5 - The first international experiments in geodesy were undertaken to establish a global geodetic network using the ECHO 1 and 2 satellites (1961-1963). In France, we had the Muller cameras and the ballistic chambers at IGN. The results were presented at the Geodetic Symposium in Paris in 1964 (liaison between France-North Africa) led by J-J. Levallois (IGN). In addition, the first results were obtained with Doppler receivers and the American system, TRANSIT, and the first results were also obtained with the flashes emitted by the satellite (American satellite ANNA then satellites from the GEOS series. Photographs were also taken at Meudon with the Schmitt telescope).

6 - French geodetic experiments began with the launch of the first geodetic satellite Diapason (February 1966) and Diademe (February 1967) from Hammaguir (Algeria). The French had their first success in laser telemetry with the first echoes obtained at St. Michel (FRANCE) in January 1965 from the American satellite BEB (experiment conducted by the Aeronomy Department of the CNRS under the direction of J-E. Blamont, by Mr. and Mrs. Bivas, and then J. Gaignebet). The first echoes were obtained in the U.S. in October 1964. Success was also obtained later by ONERA with photography of laser echoes and the development of a cooperation between ONERA and the geodetic community in several areas.

7 - Cooperative research was carried out in the program RCP 133, created by CNRS management on February 20, 1967 for geodetic mesurement by artificial satellites from Europe to Africa and South America. The French satellites DIADEMES and the American satellites PAGEOS, and GEOS A and B were used. (Director J-J. Levallois, assistant F. Barlier). Franco-American exchanges and cooperation continued to increase, with several missions and visits to U.S. centres and many exchanges (M. Lefebvre, G. Balmino, G. Brachet). Participation in the founding conference of Space Geophysics in Williamstown, Massachusetts (US) in July 1969 (J-C. Husson, F. Barlier, A. Orsag, O. Calame). Arrival at the Observatoire Paris-Meudon of researchers (K. Lambeck and M. Gaposchkin) who had contributed to the first models of the Earth’s gravitational field, Standard Earth I and II, which had been developed at the Smithsonian Astrophysical Observatory in Cambridge.

8 - European cooperation: the Journées Luxembourgeoises de Géodynamique were a crucible for developing European cooperation in space geodesy: cooperation with ORB, P. Melchior, P. Package and Luxembourg; J. Flick, cooperation with the DGFI of Munich (M. Schneider, C. Reigber); cooperation with the countries of Eastern Europe and the USSR (cooperation Interobs and Intercosmos).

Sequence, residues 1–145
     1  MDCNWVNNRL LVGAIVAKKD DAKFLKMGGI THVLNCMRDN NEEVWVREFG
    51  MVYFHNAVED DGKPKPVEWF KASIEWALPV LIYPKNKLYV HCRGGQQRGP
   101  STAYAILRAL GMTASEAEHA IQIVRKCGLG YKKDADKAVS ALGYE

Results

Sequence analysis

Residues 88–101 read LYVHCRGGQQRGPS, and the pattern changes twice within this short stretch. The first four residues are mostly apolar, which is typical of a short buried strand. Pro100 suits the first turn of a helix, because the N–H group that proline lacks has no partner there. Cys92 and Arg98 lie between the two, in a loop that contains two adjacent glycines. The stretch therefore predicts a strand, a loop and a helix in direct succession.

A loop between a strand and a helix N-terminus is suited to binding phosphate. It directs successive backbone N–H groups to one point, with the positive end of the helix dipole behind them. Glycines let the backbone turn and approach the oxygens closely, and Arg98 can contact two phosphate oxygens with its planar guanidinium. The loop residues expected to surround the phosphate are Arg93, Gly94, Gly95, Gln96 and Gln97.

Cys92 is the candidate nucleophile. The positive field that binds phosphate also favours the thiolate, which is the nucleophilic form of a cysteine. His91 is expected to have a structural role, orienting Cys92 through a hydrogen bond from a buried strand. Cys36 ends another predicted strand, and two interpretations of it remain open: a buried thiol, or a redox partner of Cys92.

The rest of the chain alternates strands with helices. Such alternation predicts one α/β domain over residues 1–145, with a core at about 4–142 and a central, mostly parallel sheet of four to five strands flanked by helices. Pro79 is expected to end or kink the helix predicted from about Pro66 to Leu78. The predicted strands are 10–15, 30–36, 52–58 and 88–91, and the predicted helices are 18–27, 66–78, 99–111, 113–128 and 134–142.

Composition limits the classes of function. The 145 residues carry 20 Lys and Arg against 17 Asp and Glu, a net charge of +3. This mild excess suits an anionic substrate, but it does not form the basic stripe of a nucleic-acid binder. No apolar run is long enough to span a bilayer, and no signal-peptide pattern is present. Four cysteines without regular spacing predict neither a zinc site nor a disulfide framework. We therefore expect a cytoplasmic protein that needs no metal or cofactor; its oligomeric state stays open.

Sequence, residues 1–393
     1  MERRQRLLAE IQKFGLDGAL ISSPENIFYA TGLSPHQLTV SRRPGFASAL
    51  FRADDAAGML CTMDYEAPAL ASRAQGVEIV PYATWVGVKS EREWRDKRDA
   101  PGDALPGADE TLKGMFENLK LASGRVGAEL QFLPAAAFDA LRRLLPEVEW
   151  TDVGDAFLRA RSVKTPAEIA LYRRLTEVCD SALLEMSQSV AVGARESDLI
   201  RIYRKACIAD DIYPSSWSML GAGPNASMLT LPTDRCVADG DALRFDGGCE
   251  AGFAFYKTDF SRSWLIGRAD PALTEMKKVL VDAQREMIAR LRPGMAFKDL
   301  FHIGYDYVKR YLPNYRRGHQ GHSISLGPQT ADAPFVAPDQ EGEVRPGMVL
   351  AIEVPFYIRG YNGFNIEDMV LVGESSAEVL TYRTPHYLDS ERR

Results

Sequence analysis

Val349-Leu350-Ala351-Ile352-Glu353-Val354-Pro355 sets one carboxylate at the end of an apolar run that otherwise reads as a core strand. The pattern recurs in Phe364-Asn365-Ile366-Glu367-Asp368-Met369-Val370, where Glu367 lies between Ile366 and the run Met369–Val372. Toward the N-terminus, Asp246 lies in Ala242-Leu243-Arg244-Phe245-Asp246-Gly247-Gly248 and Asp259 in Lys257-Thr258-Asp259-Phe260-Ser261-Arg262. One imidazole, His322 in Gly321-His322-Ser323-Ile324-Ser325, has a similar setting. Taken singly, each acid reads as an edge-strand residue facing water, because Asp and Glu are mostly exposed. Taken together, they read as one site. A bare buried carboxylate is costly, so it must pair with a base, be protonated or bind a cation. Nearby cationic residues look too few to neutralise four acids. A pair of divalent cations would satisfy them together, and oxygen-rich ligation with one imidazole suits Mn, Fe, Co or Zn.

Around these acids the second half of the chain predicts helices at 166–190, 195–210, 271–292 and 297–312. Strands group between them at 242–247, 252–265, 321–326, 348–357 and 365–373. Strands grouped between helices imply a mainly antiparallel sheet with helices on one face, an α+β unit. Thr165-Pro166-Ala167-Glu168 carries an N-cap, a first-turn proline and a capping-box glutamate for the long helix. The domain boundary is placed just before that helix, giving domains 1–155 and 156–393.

9 - The implementation of the international and global programme ISAGEX under French management with G. Brachet as the Executive Director (1970). France had privileged relationships of cooperation with the U.S.A. as well as the USSR. The following countries were members: East and West Germany, Australia, USA, Finland, France, Greece, Japan, Netherlands, Poland, the United Kingdom, sweden, Switzerland, the USSR. Laser data was used as well as satellited image data obtained by photographing the satellite on a background of stars, or flashes of light emitted by teh satellite (satellite GEOS). The French satellite PEOLE, in orbit at a longitude slightly higher than the euqator, was launched from Kourou (French Guiana) in December, 1970, and has been very useful for space geodesy.

10 - Following the various events mentioned above, and the recommendations of the Williamstown Conference (July 1969), and given the long-term proposals in geodynamics (F. Barlier and F. Lefebvre, late 1969), a department of "Space Geodesy" was created within the Mathematics and Processing Division of the Space Centre in Bretigny, France on March 27, 1970 (J-F. Denisse). On 1 April, 1971, the staff who would make up the Department of Space Geodesy of the GRGS, newly created on February 17, 1971, were assigned for a period of one year. (General Aubinière). This assignment would be renewed each year.

11 - There were many international research projects to be done and several international partnerships to be developed.

In conclusion, as J-J. Levallois wrote in a note to mark the 20th anniversary of the GRGS, the creation of this organization has led to greater efficiency in project implementation, more economical management of funds, the designation of a single organization qualified to make international commitments, to organize the choice of research subjects, and admission to the status of 'laboratory' by CNES, and a link with the CNRS.